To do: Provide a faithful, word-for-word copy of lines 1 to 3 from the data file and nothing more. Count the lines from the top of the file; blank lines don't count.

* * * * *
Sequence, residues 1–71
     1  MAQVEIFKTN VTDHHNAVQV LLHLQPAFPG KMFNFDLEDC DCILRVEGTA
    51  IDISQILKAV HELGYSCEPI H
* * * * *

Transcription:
Sequence, residues 1–71
     1  MAQVEIFKTN VTDHHNAVQV LLHLQPAFPG KMFNFDLEDC DCILRVEGTA
    51  IDISQILKAV HELGYSCEPI H